Respected electrical contractor in Philly commits tax fraud, owes $90K

The recent news of the arrest of Donald Dougherty, a once highly respected electrical contractor in the greater Philadelphia area, shocked citizens and members of the International Brotherhood of Electrical Workers. He pleaded guilty last week on Thursday, January 21st to one count of filing a false federal income tax return and one count of theft of employee benefit funds.

Just how egregious were his financial crimes of concealment?

Donald Dougherty, the owner and operator of Dougherty Electric, Inc. currently owes the Internal Revenue Service $92,913 for misappropriated funds that were falsely claimed as business deductions. He used this $92,913 for personal expenditures instead.

Not only did he falsely claim using this close to $100,000 in funds under the false pretense of business expenses but he also failed to make $266,000 dollars in union payments to the members of the International Brotherhood of Electrical Workers. This is a massive violation of the collective bargaining agreement between Pittsburgh’s Local 5 Union and Dougherty Electric, Inc. 

Donald Dougherty has a repeated pattern of malfeasance. 

Unfortunately, back in 2007 Dougherty was also indicted for filing false income tax returns, tax evasion, bank fraud, unlawful payment to a union official, and stealing employment benefit funds.

He will be forced to pay restitution for the prior offenses alongside repayments owed in the new charges against him. The following calls to action were made by prosecuting attorneys Paul L. Gray and Frank R. Costello, Jr. respectively.

His wife was also in on this long term scheme when Dougherty “hired” her for a no-show position at his company Dougherty Electric, Inc. in which she collected a generous salary of $166,400 each year.

Even more suspicious just weeks before landing this “job” within the company his wife outwardly purchased an expensive condominium nestled alongside the Jersey Shore with panoramic waterside views that were worth $900,000.

In November of 2015, an anonymous tip was sent to the IRS over discrepancies in corporate records questioning the validity of his wife’s position in the company and also revealing electrical renovations were done on this condominium using free labor from union workers employed at his company.

Once Dougherty received this letter he amended his tax returns slightly but still wrote off his wife’s bogus salary and repairs to her car as legitimate business expenses with the help of his crooked accountant Michael McKale. 

The husband and wife duo also duped representatives at Wells Fargo Bank into believing they needed help refinancing their mortgage under the false pretense they could no longer afford to pay for their expensive South Philadelphia home valued at 1.7 million dollars. The bank agreed to a one-time payment of $900,000 to aid in settling the mortgage.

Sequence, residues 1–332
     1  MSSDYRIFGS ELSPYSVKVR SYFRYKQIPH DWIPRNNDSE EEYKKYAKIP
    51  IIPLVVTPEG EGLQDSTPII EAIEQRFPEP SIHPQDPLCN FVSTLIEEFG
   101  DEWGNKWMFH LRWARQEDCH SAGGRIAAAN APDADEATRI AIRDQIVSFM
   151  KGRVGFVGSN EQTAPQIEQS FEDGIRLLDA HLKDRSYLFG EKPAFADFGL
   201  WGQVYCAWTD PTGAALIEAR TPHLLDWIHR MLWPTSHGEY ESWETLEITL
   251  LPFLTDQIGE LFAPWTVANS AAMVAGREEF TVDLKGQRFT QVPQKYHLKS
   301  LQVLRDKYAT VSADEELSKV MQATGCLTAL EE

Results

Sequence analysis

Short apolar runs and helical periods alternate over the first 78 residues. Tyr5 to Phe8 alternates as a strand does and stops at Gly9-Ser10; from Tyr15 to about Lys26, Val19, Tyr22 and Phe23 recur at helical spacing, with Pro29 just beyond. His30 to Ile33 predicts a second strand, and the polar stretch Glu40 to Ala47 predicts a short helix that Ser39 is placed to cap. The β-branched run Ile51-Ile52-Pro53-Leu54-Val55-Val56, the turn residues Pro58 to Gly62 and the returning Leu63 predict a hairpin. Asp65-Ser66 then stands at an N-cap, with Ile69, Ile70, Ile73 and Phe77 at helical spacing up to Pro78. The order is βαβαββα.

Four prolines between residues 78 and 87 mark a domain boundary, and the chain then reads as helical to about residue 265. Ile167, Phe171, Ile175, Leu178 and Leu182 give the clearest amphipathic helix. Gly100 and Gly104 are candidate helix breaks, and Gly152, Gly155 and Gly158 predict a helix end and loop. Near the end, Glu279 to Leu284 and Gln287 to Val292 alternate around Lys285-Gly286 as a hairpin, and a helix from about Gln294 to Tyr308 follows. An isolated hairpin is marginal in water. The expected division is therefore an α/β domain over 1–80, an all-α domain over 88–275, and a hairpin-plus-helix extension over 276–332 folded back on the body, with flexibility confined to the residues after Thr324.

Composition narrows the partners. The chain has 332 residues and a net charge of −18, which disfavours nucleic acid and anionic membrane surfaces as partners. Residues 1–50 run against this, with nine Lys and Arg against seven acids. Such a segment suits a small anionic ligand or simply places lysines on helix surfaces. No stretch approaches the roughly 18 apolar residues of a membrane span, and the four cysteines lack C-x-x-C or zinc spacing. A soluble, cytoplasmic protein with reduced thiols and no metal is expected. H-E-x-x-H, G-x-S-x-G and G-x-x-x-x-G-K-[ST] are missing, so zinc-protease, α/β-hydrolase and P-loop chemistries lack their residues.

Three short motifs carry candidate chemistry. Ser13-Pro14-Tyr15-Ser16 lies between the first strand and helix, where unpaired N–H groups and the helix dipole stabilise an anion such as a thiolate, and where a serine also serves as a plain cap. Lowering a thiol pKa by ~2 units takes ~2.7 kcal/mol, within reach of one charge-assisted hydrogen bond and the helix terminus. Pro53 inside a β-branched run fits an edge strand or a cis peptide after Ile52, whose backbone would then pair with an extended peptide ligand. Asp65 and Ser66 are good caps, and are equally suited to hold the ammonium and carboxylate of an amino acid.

However, it was later revealed they were extremely solvent, to the tune of 2 million dollars of personal income on file. Turns out that this bank loan was used to pay off the high price point of Mr. and Mrs. Dougherty’s vacation spot on the Jersey Shore.

Mr. Dougherty pleaded guilty to the aforementioned crimes against his employees, banking officials, and union members of the International Brotherhood of Electrical Workers before the United States District Court Judge Michael M. Baylson. His attorney Jennifer Arbittier Williams settled on a plea agreement between the prosecuting attorneys, government agencies, and Donald Dougherty that he would make full restitution for all of the pending cases against him. 

An accomplice to his financial misdeeds is also under fire and being prosecuted for aiding Donald Dougherty in falsifying tax documents.

His accountant who was privy to his fraudulent actions, Michael Mckale, will be subject to the penal ramifications of tax fraud. Most parties that engage in tax crimes such as tax fraud and tax evasion have the potential to face up to 5 years in federal prison and a fine of $100,000. On top of the fine for federal tax fraud and evasion, the guilty party is usually responsible for paying back the misallocated funds in full to the victims of this crime.

With the 2021 tax filing season upon us IRS Criminal Investigation Special Agent in Charge, Thomas Fattorusso urges everyone to consider this case a cautionary tale for those considering tax fraud as an easy means to get ahead and fund their lavish lifestyles on the backs of hardworking people. He heeds this warning in the following press release next.

“Engaging in an elaborate scheme to willfully underreport taxable income is a felony. Today, Donald Dougherty admitted he broke the law by cheating on his taxes. As we approach tax filing season, those who might consider filing false tax returns should be aware of the negative consequences; which could include being branded a felon for life and a lengthy prison sentence.”

A crime of this nature rarely goes unpunished and Dougherty will have a hard time coming back from this prosecution with his reputation and former job title intact. 

Thanks to the tireless work done out in the field by the Internal Revenue Service Criminal Investigation Division, the Federal Bureau of Investigation, and the Employee Benefits Security Administration branch of the Department of Labor the collateral damage inflicted upon union members and others employed by Donald Dougherty will be rectified in court. 

The most recent case against him including the long history of financial crimes aided and abetted by his buddy and accountant since 2007 these two face some pretty grave consequences for their actions. Dougherty is looking at 200 years in prison, 5 years parole, and a $9,250,000 fine while McKale will likely serve a maximum sentence of 14 years imprisonment, 3 years parole, and a fine of $1,000,000 to compensate victims that suffered losses over unchecked corruption and greed.